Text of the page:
Tuesday, April 7, 2009

Should Writers "Stick Together"?

How much should a writer publicly (and negatively) comment on the work of other writers?

If you pay much attention to popular fiction, you've probably heard about Stephen King's criticism of Stephanie Meyer's Twilight series. The blogosphere boiled: some defended King's right, even duty, to criticize other authors; others declared that King was motivated by jealousy and greed. On one commenter called King's criticism of a fellow writer "just tacky." That struck a chord because I remember saying that after author/lecturer roundly mocked another Christian writer's work as "trash." In fact, as I bring the situation up in my mind, it still seems tacky. And yet I criticize other authors on a weekly, if not daily, basis.

On the one hand (excuse me while I play Tevye), I don't fret over what I say about Marlowe, Edith Wharton, Joseph Conrad, or Dickens. Their places in the literary canon are not going to be disturbed by a few snide comments from an (as of yet) unknown writer.

Also, they're dead. I don't have to worry about running into Edith Wharton at some writing conference and having her snub me because I didn't love Ethan Frome. (This would be sad on so many levels, but largely because I'm sure Wharton would be an interesting person to know.)

But contemporary authors... Well, you could suggest that I'm worrying too far ahead of myself (a special talent of mine), but the publishing world is fairly intimate, so ticking too many writers off = bad career move. And I find that most writers, even those whose work I don't care for, are people worth knowing.

But this question goes beyond career or social moves. Humility, compassion, and truthfulness are all supposed to be part of the Christian life, but how these virtues relate to criticism (whether formal or informal) is still a bit of a mystery to me.

And as a writer, I know better than anyone else how much work and self-doubt goes into what may ultimately be a merely mediocre book. I know that what hits the page is never as vibrant or brilliant as what was in your mind. I know how brave it is to write. I also know that there are very few things I've read that are so bad that they couldn't, at some point, have been mine. There are a lot of unpaid critics out there. Does the world really need another one?

In this sense, I understand the bloggers who only blog about books they liked. They remind me a little of a relative of mine who was famous for her strict adherence to a "If you can't say something nice about someone, don't say anything at all" policy. The worst thing she was known to have said about someone was "Well... I'm sure he breathes well." I sort of admire this attitude. But sometimes I imagine that if taken too far, you'd find yourself having uncomfortable luncheons with a bunch of murderous dictators and remarking on how well everyone's breathing. (Of course, saying nice things about people doesn't mean you have to eat lunch with them, and anyway, writers are rarely allowed to rule countries.)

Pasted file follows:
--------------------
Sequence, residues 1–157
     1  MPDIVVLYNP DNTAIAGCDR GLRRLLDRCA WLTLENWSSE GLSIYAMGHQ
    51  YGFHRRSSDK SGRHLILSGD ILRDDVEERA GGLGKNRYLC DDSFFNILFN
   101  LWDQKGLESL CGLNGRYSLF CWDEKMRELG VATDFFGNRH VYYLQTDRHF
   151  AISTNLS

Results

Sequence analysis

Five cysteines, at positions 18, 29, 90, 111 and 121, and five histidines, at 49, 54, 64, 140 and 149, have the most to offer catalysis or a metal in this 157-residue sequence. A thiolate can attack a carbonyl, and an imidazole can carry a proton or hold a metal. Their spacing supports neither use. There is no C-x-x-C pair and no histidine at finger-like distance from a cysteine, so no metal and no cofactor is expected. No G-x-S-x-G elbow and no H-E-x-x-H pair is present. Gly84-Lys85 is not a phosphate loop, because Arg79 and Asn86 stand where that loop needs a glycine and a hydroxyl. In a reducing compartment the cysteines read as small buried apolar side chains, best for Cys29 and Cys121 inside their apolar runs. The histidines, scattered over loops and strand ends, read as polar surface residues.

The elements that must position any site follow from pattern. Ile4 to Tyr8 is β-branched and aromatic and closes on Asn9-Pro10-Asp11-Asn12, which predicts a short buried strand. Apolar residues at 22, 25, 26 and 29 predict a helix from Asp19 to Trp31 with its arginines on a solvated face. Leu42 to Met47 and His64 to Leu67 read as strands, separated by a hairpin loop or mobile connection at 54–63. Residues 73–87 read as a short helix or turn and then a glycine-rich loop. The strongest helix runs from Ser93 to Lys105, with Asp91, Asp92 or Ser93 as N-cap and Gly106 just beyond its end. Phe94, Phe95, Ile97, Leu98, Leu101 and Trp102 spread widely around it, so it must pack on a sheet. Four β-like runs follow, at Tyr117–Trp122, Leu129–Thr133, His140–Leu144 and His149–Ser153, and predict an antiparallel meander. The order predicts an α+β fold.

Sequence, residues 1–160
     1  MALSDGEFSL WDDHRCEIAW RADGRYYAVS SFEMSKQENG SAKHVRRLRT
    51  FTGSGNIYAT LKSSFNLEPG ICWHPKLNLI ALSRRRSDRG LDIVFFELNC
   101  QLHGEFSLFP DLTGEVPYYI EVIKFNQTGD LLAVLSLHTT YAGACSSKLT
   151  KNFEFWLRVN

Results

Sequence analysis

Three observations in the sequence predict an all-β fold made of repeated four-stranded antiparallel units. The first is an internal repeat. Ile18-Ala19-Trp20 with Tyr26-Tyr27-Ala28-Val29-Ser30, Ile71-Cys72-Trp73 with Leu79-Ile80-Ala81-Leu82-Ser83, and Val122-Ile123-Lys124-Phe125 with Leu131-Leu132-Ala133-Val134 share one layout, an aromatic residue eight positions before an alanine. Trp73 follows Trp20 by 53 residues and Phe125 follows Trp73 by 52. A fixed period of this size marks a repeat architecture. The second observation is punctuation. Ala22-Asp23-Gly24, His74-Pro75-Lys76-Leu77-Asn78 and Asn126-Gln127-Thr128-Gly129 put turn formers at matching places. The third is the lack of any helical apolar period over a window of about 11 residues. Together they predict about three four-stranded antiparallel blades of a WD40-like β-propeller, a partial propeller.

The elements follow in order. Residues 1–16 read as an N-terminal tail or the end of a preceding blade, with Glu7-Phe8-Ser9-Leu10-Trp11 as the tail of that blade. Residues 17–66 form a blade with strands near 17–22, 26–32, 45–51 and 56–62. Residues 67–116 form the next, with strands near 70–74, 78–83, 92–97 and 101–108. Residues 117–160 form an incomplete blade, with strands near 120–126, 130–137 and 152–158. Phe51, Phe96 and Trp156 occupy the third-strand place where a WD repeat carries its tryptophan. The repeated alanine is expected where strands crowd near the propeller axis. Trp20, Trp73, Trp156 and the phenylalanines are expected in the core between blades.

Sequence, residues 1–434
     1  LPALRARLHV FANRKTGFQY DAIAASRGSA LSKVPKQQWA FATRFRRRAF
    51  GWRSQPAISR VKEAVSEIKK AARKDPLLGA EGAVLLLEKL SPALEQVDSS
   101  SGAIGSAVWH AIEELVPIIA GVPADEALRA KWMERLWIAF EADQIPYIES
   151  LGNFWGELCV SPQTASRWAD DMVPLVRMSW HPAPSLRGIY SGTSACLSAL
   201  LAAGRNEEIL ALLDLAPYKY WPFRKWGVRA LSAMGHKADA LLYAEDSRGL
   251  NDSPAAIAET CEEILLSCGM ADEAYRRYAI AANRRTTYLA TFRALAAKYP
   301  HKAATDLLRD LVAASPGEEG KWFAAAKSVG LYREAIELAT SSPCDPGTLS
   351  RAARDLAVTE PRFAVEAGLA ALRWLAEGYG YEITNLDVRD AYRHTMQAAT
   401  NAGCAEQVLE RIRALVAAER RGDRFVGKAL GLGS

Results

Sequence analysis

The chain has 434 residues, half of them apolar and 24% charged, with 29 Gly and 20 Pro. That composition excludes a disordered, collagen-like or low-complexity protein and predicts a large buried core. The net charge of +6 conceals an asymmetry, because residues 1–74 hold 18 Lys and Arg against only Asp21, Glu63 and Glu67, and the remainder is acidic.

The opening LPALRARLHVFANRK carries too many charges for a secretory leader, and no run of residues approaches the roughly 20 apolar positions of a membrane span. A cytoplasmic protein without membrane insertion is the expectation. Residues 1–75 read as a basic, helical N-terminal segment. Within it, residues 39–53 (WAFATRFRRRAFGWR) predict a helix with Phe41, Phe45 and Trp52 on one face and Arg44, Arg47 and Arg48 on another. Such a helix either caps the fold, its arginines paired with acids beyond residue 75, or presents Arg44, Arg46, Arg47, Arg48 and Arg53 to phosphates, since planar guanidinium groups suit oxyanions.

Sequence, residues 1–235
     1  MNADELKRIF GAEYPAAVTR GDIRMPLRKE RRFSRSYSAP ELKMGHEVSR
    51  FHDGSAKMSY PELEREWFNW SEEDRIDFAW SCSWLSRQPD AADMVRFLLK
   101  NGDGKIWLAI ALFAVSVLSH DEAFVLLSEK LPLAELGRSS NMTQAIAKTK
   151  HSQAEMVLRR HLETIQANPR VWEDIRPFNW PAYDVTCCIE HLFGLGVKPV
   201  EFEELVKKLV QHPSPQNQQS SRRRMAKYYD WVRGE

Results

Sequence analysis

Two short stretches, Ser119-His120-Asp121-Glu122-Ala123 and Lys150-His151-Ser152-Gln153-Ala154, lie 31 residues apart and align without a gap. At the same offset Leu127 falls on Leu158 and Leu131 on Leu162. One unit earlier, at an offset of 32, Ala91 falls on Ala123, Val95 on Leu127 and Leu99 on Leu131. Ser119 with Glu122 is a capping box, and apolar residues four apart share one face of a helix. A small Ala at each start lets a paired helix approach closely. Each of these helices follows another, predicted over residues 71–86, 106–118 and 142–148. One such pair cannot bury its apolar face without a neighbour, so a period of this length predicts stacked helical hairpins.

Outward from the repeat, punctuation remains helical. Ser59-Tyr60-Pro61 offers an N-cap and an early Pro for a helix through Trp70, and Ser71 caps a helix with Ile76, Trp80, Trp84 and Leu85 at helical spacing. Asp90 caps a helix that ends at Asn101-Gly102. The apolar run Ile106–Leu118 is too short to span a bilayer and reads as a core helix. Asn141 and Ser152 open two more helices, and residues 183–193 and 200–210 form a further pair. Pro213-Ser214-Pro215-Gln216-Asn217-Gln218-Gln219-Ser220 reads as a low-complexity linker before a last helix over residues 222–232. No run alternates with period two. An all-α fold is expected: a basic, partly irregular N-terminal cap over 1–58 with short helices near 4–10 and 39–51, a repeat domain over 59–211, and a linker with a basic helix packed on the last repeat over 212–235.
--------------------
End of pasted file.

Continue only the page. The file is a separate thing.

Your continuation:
I don't generally feel the need to rant against other writers. I enjoy most of the books I read.

On the other hand (you were waiting for that other hand, weren't you?), getting read is not a privilege. My money and time only go so far--I rely on friends, blogs, professional reviews, etc. to help me decide what I might enjoy.

I'm certainly not trying to pass myself off as a professional reviewer (which should be obvious from my blog posts). I do, however, have a history of experience with books as a long-time reader, as an English major, as an editor... and as a writer. I notice what sort of work hasn't been done by an author. I'm frustrated when slip-shod workmanship and poorly thought out ideas are passed off as brilliance, and real, honest-to-goodness brilliance ends up in some dark hole of a back-list. And there are some books that are so dishonest that I feel like warning all potential readers against them (someday I'm going to talk about the Elsie Dinsmore series here). I recognize bad writing--I've created enough of it myself. But is pointing it out to the world mean, helpful, selfish, or morally neutral? Or is it "tacky?"

Maybe it depends on the presentation of the criticism. I'm not sure there's much good done by saying a book is "trash" or that someone "can't write worth a darn." But then I remember of Jesus bluntly saying "you white-washed tombs" to the Pharisees.

What do you think? Is there a line that shouldn't be crossed in writer-on-writer criticism?


  1. oh i can't wait for the elsie dinsmore discussion!!!

  2. It's an interesting question, to be sure. A while back I tried (and pretty much failed) keeping up a blog of comic-strip critiques. I pretty much kept to the stuff I liked and avoided stuff I don't like (I figured there's plenty of snark aimed at the bad stuff already -- one of the reasons I started the blog in the first place).

    One benefit, I found, is that it's allowed me to "meet" and correspond (in an online fashion) with some of my favorite professional cartoonists. Which has been invaluable to my own burgeoning profession -- plus it's just really cool.